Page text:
WWE Creative in the Modern Era
by, 11-13-2012 at 03:09 PM (4736 Views)
The online internet forums and blogs concerning wrestling are frequently laden with complaints about improper booking, poor storyline development and wild speculation about the direction of WWE. Rather than rehash these well-trodden ideas, I have a different perspective: WWE knows exactly what they are doing, and consistently generate a product that has fans talking, albeit in a variety of ways.
Last night’s episode of Raw saw an incredibly avant garde segment where CM Punk successfully drew heat by mocking a real-life tragedy that befell Jerry Lawler. While many were outraged and found this to be distasteful, I believe it was a well-calculated effort to not only provoke a genuinely negative crowd reaction, but to engender discomfort among the internet community. In this respect, it was a total success. The forums exploded with proclamations of Punk being lazy, garnering “cheap heat” and crossing the line. Jerry Jarrett took to Twitter to say that he turned off the program when Punk started performing CPR on Paul Heyman, citing that as an example of why Linda McMahon lost her Senate bid. When you step back and examine it though, it was simply shocking, interesting television that made the audience uncomfortable. Is that not why you are constantly tuning in? I found this segment to be fantastically executed, as it was intriguing and elicited a strong reaction of uneasiness from me.
The goal of the creative team is to create a buzz fifty-two weeks a year, whether on television, Twitter or the internet. The more compelling storylines are held in reserve for WrestleMania, because it carries with it a tradition and a hype that must be delivered upon. My friend and I have already purchased tickets for next year’s WrestleMania in New Jersey, and we are expecting to be entertained and to care greatly about the outcomes of each and every match. With several months to accomplish this, I have no doubts that the creative team, in conjunction with speculation and opinions from the online community, will deliver.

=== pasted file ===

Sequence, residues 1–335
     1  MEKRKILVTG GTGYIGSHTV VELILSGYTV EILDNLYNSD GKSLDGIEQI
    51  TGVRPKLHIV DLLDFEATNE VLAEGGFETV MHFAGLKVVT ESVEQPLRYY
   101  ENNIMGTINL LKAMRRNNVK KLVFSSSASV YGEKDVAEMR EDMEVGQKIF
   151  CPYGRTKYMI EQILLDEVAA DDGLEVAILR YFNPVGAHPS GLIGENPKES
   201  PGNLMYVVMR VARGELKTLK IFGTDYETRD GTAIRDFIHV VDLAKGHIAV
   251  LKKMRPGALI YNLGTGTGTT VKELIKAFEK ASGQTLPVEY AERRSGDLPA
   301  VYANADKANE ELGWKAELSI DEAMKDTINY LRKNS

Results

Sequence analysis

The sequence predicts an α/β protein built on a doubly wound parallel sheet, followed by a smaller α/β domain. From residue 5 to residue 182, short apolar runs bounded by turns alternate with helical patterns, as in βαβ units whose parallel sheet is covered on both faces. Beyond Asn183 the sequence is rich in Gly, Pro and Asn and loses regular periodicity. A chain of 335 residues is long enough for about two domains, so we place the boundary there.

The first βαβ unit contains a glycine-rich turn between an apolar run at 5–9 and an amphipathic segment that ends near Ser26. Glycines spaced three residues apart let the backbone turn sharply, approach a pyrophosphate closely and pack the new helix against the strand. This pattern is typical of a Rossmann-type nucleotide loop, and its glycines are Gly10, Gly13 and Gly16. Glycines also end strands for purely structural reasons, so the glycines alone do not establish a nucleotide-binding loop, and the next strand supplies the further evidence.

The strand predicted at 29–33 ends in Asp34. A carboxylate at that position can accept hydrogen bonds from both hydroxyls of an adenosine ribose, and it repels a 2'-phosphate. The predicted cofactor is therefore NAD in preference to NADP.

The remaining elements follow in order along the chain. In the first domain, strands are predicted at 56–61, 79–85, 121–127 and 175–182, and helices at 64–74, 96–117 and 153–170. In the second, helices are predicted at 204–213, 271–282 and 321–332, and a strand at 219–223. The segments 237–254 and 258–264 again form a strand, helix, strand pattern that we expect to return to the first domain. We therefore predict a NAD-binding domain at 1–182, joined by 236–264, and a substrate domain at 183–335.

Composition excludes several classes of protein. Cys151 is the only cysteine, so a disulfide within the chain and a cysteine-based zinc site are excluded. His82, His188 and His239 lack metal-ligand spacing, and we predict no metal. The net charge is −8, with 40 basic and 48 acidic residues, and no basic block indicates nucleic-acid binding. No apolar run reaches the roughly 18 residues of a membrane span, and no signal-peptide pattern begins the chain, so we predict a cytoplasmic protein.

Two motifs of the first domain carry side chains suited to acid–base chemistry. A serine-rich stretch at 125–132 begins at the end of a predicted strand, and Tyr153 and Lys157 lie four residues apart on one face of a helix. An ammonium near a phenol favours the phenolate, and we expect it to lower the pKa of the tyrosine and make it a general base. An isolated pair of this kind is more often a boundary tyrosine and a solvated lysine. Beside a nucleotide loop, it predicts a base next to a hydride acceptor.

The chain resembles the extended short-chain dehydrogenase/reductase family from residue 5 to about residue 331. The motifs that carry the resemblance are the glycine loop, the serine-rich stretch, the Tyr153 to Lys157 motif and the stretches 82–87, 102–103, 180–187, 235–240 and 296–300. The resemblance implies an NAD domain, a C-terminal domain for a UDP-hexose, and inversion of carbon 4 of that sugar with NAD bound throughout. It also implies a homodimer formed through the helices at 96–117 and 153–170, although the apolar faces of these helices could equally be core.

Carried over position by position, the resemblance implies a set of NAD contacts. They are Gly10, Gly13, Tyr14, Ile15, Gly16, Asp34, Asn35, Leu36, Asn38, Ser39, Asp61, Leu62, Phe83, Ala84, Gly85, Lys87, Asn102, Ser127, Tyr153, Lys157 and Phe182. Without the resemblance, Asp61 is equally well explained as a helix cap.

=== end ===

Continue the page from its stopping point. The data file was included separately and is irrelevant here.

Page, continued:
This company recognizes that the opinions and thoughts of its fans have enhanced its product. There is a reason these wrestling news and rumors websites exist and garner a great deal of traffic. I believe most fans do not simply tune in each Monday night to see what is going to happen, and then forget about the product until the following Monday. Rather, they are checking these websites to try to gain an insight into the backstage politics, anticipating where storylines will lead, and trying to predict outcomes in advance. This allows us to have that “see, I told you so” moment when our predictions come true. However, more often than not the creative team manages to shake things up just a little, but enough to keep us watching. An excellent example of this is the CM Punk-Ryback match at Hell In A Cell. Going into the pay-per-view, there was a general consensus that Punk would retain, simply because Ryback as champion was not feasible. There was speculation that Heyman, HHH, or even Brock Lesnar would somehow interfere in the match and cost Ryback his victory, as this was the only way to protect Ryback’s momentum and Punk’s title reign. While we correctly predicted the outcome, we were thrown a curveball by the creative team by reintroducing Brad Maddox as the culprit. Nobody could have anticipated that, and it made for interesting television. Going forward, they got two weeks of mileage out of the Maddox angle, and were able to successfully build another pay-per-view main event.
Although there were complaints about the execution of the Survivor Series buildup – namely, with Vince McMahon changing the card whimsically and live on Raw in the United Kingdom – the outrage it garnered has only served to strengthen the product. Many have lost faith in the creative team and McMahon himself for not planning things out in advance and sticking to a rigid, pre-set idea. The weakness in that approach is predictability. The product becomes stale if it is predictable weeks or months in advance. Personally, I would rather McMahon change the script on the fly and recover later because it keeps me guessing and gives no expectations of the product, save that it be entertaining. It’s the “what will he think of next?” approach, and it keeps things fresh.
Moving forward, the questions of CM Punk’s title reign and the Rock’s potential victory at the Royal Rumble are being heavily debated. Most agree that the Rock will prevail in January, but we must consider that the opposite might occur, and we must acknowledge that there is likely no set plan right now for that outcome. Thus, it is our job to enjoy the build and contribute to the product by offering our speculations and predictions. WWE does not have to acquiesce to the demands of the online community; our loyalty lies with the product regardless, and we love to have an excuse to complain that WWE programming is not what we wish it were. It is this dynamic that keeps the company in business, immensely profitable, and perpetually entertaining. My hat goes off to the writers and McMahon, and I greatly look forward to the coming months leading up to WrestleMania 29.